Parental Provision and Children’s Consumption of Fruit and Vegetables did not Increase Following the Food Dudes Programme

Upton, Dominic; Taylor, Charlotte and Upton, Penney (2014) Parental Provision and Children’s Consumption of Fruit and Vegetables did not Increase Following the Food Dudes Programme.

View this record at http://eprints.worc.ac.uk/2912/
Official URL: 10.1108/HE-06-2013-0026

Abstract

Purpose - This study is based on previous research which suggests that the Dudes programme increases children’s fruit and vegetable consumption for school provided meals by assessing its effectiveness in increasing the provision and consumption of fruit and vegetables in home-provided meals. Design/methodology/approach - Two cohorts of children participated from 6 schools in the West Midlands in the UK, one receiving the Food Dudes intervention and a matched control group who did not receive any intervention. Participants were children aged 4-7 years from 6 primary schools, 3 intervention (n=123) and 3 control schools (n=156). Parental provision and consumption of fruit and vegetables was assessed pre-intervention, then 3 and 12 months post-intervention. Consumption was measured across five consecutive days in each school using digital photography. Findings - No significant increases in parental provision or consumption were found at 3 or 12 months for children in the intervention schools however increases were evident for children in the control group. Research limitations/implications - Further development of the Food Dudes programme could develop ways of working with parents and children to increase awareness of what constitutes a healthy lunch. Originality/value - This is the first independent evaluation to assess the influence of the Food Dudes programme on parental provision and children’s consumption of lunchtime fruit and vegetables.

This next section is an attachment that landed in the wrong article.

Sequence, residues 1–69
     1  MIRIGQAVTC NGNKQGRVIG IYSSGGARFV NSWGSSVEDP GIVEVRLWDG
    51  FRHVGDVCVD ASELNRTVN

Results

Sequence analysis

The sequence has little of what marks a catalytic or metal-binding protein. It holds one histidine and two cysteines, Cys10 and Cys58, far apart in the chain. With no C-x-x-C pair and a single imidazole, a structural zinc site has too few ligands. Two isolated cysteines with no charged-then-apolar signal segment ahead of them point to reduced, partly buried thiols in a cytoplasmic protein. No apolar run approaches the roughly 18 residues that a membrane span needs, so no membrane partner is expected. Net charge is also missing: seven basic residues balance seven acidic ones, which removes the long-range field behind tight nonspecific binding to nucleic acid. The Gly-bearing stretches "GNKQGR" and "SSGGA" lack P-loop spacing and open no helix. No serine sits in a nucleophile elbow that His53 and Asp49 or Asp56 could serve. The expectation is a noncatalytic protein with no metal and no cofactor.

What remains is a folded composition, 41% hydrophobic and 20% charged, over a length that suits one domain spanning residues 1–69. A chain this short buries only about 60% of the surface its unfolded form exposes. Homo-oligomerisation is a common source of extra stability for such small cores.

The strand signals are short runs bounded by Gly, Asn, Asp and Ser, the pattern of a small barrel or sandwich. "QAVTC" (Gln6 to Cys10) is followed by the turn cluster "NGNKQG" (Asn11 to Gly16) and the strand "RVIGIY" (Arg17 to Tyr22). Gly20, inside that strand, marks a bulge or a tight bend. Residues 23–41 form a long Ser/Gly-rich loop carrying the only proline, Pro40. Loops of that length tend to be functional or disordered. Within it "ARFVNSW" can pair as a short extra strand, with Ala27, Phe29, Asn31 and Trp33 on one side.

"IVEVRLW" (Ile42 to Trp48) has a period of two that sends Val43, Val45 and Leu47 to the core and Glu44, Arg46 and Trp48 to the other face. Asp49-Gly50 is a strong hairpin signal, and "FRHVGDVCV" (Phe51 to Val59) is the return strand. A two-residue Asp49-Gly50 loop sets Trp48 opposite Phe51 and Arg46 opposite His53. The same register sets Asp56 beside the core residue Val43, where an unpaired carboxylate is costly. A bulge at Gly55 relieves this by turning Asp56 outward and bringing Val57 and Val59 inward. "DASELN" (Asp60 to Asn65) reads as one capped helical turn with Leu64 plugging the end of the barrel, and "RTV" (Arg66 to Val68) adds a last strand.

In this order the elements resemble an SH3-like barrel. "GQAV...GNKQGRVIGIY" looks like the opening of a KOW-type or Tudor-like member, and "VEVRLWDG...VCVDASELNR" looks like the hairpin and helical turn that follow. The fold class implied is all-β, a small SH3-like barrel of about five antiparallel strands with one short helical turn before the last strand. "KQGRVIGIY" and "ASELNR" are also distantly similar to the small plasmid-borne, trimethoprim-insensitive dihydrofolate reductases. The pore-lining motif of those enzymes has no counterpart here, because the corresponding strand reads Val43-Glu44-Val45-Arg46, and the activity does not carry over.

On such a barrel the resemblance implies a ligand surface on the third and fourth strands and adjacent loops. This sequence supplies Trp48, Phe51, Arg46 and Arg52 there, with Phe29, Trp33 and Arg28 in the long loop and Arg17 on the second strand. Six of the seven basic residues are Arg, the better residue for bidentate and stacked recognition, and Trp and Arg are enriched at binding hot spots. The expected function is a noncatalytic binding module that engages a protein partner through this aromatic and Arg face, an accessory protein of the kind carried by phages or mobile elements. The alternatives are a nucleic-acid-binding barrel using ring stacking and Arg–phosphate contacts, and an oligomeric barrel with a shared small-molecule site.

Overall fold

Item Type: Article
Keywords: BF Psychology
Members: University of Worcester
Depositing User: ULCC Admin
Date Deposited: 20 Dec 2013 01:38
Last Modified: 08 Nov 2016 13:13
URI: http://collections.crest.ac.uk/id/eprint/7802

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